Alberto  Bartesaghi, Ph.D.
Alberto Bartesaghi, Ph.D.
Associate Scientist

Center for Cancer Research
National Cancer Institute

Building 50, Room 4306
Bethesda, MD 20892-8008
301-594-0552

Dr. Bartesaghi has pioneered the development and application of novel image processing methods in three-dimensional (3D) electron microscopy to determine the structures of a variety of macromolecular assemblies of fundamental biomedical interest. He is responsible for the design, automation and optimization of image processing workflows, both for single-particle cryo-electron microscopy (cryo-EM) and cryo-electron tomography (cryo-ET) modalities, and for managing the computational resources of the group. This state-of-the-art processing infrastructure serves as a powerful tool to elucidate protein structure at the highest possible resolution of biomedically relevant complexes, including membrane proteins, transporters involved in signaling and metabolism, and glycoproteins of enveloped viruses.

Areas of Expertise
1) image analysis, 2) cryo-electron microscopy 3) cryo-electron tomography, 4) protein structure determination, 5) high throughput and automation, 6) high-resolution cryo-EM

Dr. Bartesaghi's research is devoted to the development of computational imaging technologies that are the frontier of the cryo-electron microscopy (cryo-EM) field. He develops advanced computational techniques that serve as powerful tools for structure determination of a variety of macromolecular complexes, to efficiently and accurately convert raw images into three-dimensional (3D) representations of assemblies at the highest possible resolution. Importantly, these methods address essential technical aspects that are necessary for the extension of methods in cryo-electron microscopy to study small dynamic protein complexes, including membrane proteins such as G-protein-coupled receptors, transporters and channels that are of fundamental biomedical interest.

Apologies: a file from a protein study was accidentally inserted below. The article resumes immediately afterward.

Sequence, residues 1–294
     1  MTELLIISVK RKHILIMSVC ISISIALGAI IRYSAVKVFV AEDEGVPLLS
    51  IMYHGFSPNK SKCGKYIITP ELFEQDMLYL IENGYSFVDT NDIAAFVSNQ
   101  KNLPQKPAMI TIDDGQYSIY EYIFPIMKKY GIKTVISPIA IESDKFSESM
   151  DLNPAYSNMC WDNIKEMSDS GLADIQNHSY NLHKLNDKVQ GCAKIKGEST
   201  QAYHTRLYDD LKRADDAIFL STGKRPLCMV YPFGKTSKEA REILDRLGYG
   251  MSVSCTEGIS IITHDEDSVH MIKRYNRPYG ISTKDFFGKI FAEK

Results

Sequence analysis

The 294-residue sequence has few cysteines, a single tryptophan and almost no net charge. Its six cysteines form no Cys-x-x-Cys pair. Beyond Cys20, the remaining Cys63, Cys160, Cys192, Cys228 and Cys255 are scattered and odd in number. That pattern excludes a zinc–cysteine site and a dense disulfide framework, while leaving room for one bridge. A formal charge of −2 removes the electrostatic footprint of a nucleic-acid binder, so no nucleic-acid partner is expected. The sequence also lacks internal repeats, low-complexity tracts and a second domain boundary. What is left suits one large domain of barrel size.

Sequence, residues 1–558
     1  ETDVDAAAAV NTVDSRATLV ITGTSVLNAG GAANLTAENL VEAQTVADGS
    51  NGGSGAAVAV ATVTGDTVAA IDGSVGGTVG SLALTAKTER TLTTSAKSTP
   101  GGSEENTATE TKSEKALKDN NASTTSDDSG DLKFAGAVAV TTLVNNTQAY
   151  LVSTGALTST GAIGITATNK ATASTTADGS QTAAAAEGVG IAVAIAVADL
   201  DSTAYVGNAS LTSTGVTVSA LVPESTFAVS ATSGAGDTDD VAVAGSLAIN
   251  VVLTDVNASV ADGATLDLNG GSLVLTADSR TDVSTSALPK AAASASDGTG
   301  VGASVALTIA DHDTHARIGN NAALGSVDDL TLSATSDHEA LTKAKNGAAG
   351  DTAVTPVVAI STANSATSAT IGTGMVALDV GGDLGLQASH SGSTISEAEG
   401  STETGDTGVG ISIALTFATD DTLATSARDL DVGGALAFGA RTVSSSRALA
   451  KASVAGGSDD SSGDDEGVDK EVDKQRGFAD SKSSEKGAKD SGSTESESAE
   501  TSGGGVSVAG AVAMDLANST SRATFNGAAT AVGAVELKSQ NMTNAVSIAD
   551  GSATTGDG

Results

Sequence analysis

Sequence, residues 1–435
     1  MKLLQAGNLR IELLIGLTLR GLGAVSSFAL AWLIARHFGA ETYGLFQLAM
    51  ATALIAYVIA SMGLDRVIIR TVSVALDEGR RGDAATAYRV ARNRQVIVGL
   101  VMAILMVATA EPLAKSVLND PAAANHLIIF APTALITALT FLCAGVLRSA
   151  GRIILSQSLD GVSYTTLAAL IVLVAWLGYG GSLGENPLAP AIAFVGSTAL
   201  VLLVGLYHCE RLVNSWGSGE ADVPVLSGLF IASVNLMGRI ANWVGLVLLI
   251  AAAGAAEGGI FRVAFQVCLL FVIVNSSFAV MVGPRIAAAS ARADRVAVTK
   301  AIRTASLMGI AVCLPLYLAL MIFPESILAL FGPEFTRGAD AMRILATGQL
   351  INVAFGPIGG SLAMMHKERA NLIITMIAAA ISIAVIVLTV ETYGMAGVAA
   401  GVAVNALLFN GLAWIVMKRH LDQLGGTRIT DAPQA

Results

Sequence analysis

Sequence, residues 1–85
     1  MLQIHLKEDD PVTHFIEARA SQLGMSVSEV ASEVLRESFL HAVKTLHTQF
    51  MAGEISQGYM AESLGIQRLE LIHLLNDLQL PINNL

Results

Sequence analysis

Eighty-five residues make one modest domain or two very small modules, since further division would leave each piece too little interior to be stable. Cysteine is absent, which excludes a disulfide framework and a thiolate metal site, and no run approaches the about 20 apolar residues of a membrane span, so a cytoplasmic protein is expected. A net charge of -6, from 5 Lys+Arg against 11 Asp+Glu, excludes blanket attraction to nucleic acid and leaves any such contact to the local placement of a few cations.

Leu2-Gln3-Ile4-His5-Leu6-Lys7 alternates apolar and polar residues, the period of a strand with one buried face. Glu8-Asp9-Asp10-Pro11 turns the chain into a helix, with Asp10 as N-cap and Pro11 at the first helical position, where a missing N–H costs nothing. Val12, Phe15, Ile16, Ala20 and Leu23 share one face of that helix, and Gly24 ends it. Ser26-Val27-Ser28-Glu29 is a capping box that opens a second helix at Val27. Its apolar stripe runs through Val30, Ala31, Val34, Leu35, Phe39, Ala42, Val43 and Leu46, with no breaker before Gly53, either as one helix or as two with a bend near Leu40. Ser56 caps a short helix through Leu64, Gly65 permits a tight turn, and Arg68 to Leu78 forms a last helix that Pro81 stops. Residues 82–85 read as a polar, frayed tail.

Scientific Focus Areas:
Structural Biology
Selected Recent Publications
  1. Meyerson JR, Kumar J, Chittori S, Rao P, Pierson J, Bartesaghi A, Mayer ML, and Subramaniam, S.
    Nature. 514: 328-34, 2014. [ Journal Article ]
  2. Bartesaghi A, Matthies D, Banerjee S, Merk A, and Subramaniam S.
    Proc Natl Acad Sci U S A. 111: 11709-14, 2014. [ Journal Article ]
  3. Bartesaghi A, Merk A, Borgnia MJ, Milne JL, Subramaniam S.
    Nat Struct Mol Biol. 20: 1352-7, 2013. [ Journal Article ]
  4. Bartesaghi A, Lecumberry F, Sapiro G, and Subramaniam S.
    Structure. 20: 2003-13, 2012. [ Journal Article ]
  5. Liu J, Bartesaghi A, Borgnia, MJ, Sapiro G and Subramaniam S.
    Nature. 455: 109-13, 2008. [ Journal Article ]

Dr. Alberto Bartesaghi received his B.Sc. and M.Sc. degrees from the Instituto de Ingeniera Electrica, Universidad de la Republica, Montevideo, in 1999 and 2001, respectively, and his Ph.D. degree in electrical engineering from the Department of Electrical and Computer Engineering, University of Minnesota, Minneapolis, in 2005. He joined the Laboratory of Cell Biology at the National Cancer Institute, NIH in 2005 to conduct his postdoctoral studies, and became a Staff Scientist in 2008 and an Associate Scientist in 2015.